Enemies are also well crafted, well animated and carry a wide variety. There’s a lot of variety and it never gets boring experimenting with strategies and enemies thanks to the well crafted attack/defense system, carried by some impeccable animations and capture work.However, Dark Souls 3 does lose a bit of its own identity in crafting it’s own stand alone world. Areas feels quite disjointed (not to the extent of DS2), this is possibly due to the bonfire system that alludes more to 2 than 1. Many, many environments, NPCs and items are either direct references to the previous games or interesting offshoots of them, and while it’s absolutely wonderful to stumble upon an area or NPC that you recognize, at some points it does become a bit Deja-Vu like. However, this IS essentially the Dark Souls sequel we’ve all been clamoring for, so little can be blamed to From Software’s willingness to cater to the fans.
In terms of performance this could be the most stable launch for a Souls/Borne game ever. On the PS4 version I encountered virtually zero slowdown or jutter, especially in wide, expansive areas that would make Blighttown blush. It’s easily the best looking Souls game technically. Load times are a lot better than Bloodborne’s nightmarish waits thankfully due to the amount of travelling you’ll end up doing.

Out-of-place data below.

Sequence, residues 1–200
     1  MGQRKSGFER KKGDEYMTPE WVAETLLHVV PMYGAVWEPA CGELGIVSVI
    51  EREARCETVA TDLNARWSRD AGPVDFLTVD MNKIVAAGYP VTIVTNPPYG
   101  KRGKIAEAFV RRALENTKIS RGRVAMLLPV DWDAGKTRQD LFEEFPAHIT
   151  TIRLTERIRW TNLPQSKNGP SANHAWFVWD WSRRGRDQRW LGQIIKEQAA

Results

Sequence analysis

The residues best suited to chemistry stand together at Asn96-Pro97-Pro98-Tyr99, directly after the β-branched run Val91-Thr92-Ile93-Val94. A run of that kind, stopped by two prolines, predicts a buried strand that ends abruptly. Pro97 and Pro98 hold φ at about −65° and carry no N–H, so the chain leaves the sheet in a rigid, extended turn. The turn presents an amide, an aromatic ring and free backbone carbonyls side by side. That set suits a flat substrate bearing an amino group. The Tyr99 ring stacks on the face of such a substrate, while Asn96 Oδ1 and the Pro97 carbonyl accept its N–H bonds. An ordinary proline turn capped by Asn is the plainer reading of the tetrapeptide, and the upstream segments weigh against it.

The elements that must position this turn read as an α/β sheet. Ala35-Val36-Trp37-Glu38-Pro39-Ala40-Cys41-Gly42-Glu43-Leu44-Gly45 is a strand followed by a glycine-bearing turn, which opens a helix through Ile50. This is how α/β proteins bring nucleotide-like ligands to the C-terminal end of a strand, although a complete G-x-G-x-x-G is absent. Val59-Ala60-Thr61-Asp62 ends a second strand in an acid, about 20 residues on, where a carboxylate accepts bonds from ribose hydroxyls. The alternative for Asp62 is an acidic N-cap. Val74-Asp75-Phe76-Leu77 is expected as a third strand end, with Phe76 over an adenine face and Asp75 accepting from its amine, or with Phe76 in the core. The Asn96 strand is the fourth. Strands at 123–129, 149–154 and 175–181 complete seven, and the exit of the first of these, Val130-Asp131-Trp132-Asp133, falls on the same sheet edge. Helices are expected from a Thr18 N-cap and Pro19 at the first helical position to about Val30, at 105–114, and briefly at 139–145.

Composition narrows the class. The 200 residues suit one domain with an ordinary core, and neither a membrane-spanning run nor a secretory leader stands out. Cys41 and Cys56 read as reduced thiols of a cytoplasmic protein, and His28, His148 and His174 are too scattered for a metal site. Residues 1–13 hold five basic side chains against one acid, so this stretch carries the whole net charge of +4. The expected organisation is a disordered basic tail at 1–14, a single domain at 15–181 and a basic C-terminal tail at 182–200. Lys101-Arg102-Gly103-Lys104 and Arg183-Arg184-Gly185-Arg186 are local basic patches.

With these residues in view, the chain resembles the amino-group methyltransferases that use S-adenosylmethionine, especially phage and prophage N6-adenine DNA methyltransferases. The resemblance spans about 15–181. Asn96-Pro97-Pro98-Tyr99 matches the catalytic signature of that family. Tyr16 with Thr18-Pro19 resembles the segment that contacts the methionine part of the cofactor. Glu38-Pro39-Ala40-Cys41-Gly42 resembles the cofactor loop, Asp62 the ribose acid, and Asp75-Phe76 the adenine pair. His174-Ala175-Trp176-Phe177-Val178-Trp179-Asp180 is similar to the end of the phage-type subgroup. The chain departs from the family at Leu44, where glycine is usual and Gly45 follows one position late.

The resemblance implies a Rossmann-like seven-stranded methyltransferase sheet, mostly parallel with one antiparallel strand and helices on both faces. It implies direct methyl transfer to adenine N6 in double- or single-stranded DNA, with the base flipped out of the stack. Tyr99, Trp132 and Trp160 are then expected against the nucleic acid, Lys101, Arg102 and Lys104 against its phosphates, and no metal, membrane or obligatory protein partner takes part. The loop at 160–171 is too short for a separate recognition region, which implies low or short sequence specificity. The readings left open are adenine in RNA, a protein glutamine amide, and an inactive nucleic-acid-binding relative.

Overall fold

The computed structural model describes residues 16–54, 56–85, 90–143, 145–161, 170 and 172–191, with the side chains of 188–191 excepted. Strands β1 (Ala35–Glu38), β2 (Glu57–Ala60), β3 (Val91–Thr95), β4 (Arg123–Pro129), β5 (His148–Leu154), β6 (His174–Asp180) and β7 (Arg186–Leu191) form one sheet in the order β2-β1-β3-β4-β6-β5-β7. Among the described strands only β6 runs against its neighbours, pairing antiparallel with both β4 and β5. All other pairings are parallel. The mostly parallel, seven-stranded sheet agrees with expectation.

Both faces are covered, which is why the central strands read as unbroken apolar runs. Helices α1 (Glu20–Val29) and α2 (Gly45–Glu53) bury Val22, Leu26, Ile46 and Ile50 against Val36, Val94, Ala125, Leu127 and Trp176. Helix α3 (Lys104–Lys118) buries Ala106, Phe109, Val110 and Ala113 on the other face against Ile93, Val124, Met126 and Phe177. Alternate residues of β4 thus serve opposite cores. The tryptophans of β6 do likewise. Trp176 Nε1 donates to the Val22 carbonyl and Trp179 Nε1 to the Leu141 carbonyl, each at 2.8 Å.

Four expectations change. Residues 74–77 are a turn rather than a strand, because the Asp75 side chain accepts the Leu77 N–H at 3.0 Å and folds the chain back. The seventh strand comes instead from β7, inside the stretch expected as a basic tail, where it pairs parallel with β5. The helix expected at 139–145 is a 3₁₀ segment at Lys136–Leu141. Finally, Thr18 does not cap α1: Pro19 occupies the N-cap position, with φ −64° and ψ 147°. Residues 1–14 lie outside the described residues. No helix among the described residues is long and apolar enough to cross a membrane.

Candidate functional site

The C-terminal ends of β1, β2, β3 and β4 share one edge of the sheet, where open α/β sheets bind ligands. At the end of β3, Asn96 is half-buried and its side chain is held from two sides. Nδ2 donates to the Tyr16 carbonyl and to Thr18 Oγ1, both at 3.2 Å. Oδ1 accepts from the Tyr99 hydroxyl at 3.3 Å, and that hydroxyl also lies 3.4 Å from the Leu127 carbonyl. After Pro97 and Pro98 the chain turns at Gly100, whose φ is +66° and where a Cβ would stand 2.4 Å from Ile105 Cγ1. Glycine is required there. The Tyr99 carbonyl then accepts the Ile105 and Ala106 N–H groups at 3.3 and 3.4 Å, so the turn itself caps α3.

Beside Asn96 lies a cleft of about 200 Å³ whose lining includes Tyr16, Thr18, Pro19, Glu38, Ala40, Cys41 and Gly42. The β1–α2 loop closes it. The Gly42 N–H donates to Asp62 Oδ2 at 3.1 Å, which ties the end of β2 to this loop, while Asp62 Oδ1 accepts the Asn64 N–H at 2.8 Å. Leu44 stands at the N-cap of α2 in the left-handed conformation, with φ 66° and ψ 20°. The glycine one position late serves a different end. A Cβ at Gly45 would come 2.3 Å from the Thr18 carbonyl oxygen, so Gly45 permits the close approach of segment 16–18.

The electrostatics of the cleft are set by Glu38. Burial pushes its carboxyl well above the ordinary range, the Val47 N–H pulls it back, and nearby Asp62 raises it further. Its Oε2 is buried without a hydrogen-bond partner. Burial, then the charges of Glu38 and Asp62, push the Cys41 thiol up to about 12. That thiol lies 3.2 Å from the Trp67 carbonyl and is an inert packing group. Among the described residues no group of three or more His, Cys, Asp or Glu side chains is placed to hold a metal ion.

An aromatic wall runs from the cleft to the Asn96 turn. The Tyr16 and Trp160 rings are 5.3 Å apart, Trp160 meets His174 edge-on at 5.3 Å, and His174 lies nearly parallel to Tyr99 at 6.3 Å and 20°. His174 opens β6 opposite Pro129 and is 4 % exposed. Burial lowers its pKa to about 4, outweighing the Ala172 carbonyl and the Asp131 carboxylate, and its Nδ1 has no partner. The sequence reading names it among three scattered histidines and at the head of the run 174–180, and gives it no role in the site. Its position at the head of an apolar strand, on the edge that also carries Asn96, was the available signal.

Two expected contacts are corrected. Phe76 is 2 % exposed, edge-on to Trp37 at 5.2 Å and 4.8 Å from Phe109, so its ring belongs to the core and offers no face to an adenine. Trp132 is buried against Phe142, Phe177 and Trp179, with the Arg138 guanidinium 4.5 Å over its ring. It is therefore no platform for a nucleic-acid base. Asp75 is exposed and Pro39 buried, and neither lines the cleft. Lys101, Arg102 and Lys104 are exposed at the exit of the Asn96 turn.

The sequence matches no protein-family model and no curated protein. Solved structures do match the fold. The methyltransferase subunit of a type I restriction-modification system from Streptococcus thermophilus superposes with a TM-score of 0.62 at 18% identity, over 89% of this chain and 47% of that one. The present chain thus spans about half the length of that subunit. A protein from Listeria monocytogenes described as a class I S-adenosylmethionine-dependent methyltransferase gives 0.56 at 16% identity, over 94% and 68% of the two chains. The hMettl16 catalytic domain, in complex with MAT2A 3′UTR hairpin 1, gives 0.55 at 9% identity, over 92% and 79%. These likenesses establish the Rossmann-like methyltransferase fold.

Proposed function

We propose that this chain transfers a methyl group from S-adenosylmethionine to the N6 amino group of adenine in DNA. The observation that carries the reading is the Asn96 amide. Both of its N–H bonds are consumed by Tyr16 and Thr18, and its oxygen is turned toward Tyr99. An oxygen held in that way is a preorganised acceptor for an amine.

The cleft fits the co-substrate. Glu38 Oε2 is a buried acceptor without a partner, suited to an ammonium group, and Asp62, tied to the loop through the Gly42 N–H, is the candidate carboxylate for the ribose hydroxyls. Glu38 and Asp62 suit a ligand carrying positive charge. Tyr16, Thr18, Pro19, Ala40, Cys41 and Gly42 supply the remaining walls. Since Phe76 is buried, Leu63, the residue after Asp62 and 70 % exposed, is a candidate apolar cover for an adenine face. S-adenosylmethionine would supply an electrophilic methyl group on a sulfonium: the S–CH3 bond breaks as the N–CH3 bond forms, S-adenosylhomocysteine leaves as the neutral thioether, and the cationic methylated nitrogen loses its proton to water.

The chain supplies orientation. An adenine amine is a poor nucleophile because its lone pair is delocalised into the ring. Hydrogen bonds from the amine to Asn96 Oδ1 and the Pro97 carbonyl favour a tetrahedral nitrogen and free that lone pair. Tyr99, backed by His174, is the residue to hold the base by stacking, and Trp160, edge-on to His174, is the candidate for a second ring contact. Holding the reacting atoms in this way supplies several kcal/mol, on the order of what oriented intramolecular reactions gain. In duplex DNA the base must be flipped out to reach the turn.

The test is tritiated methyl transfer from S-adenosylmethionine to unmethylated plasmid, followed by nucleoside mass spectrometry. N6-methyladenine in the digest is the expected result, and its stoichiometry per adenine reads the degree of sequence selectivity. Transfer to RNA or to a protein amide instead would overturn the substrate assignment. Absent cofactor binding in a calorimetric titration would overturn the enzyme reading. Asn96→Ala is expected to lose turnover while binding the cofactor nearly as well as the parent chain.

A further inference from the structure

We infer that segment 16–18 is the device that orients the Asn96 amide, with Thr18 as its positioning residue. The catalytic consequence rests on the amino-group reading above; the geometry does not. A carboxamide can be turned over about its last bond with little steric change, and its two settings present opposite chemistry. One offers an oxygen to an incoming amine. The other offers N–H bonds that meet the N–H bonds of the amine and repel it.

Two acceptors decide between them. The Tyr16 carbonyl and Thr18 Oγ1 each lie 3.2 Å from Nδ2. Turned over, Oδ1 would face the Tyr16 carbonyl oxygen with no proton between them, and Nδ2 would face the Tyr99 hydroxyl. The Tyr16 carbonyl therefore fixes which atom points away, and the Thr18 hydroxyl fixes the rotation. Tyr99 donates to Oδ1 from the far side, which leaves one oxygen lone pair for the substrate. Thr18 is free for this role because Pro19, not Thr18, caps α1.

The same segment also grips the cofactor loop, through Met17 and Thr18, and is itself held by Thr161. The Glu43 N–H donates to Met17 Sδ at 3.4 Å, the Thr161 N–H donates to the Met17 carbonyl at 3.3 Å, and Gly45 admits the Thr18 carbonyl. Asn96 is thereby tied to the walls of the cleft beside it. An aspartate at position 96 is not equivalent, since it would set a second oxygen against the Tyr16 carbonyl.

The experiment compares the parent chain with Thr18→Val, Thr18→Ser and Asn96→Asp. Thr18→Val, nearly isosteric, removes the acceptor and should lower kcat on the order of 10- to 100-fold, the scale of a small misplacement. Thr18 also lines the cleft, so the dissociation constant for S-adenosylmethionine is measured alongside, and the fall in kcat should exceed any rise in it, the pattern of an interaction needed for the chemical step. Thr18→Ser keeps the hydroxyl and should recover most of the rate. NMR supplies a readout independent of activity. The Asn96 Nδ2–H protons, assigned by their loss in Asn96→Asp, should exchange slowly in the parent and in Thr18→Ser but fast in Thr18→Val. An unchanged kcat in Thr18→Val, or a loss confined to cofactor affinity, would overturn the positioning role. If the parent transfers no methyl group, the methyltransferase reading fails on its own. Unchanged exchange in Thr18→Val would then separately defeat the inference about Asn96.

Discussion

It’s hard to judge whether 3 is the most stylistically original Souls game yet. A lot of areas allude to the previous 2 and one area in particular seems ripped from Bloodborne, and Dark Souls 3 does lose a lot of it’s own identity in trying to connect and create a tangible link and ending to the Souls franchise. However technically speaking it’s easily the most stable and beautiful one yet.As a Souls fan I always played in very specific ways for my first run. I played solo/offline with absolutely zero guides (because of this, this review will not cover online and invasions), with a primarily Knight/Warrior strength build with some very basic magic backup. In Dark Souls 3 I felt this could be the most balanced game yet in terms of melee combat.
This being a Souls game it’s to be expected that the gameplay remains tight and finely crafted. It’s just a bit shocking to see how much has been improved on a seemingly near perfect system.Miyazaki claims the gameplay design follows closely from DS2, and in some ways I can see that. Three weapon/shield limit, four rings, dual wielding, group combat, in these ways it felt similar to 2. However I would claim it would almost be a bastard child of Demon’s Souls and Bloodborne. Combat is a lot tighter, thanks to cleaned up and sped up animations and hitbox detection. It feels a lot smoother and faster, and sometimes aggressive play is the best play as some enemies will transform into nigh-unstoppable beasts if left alone.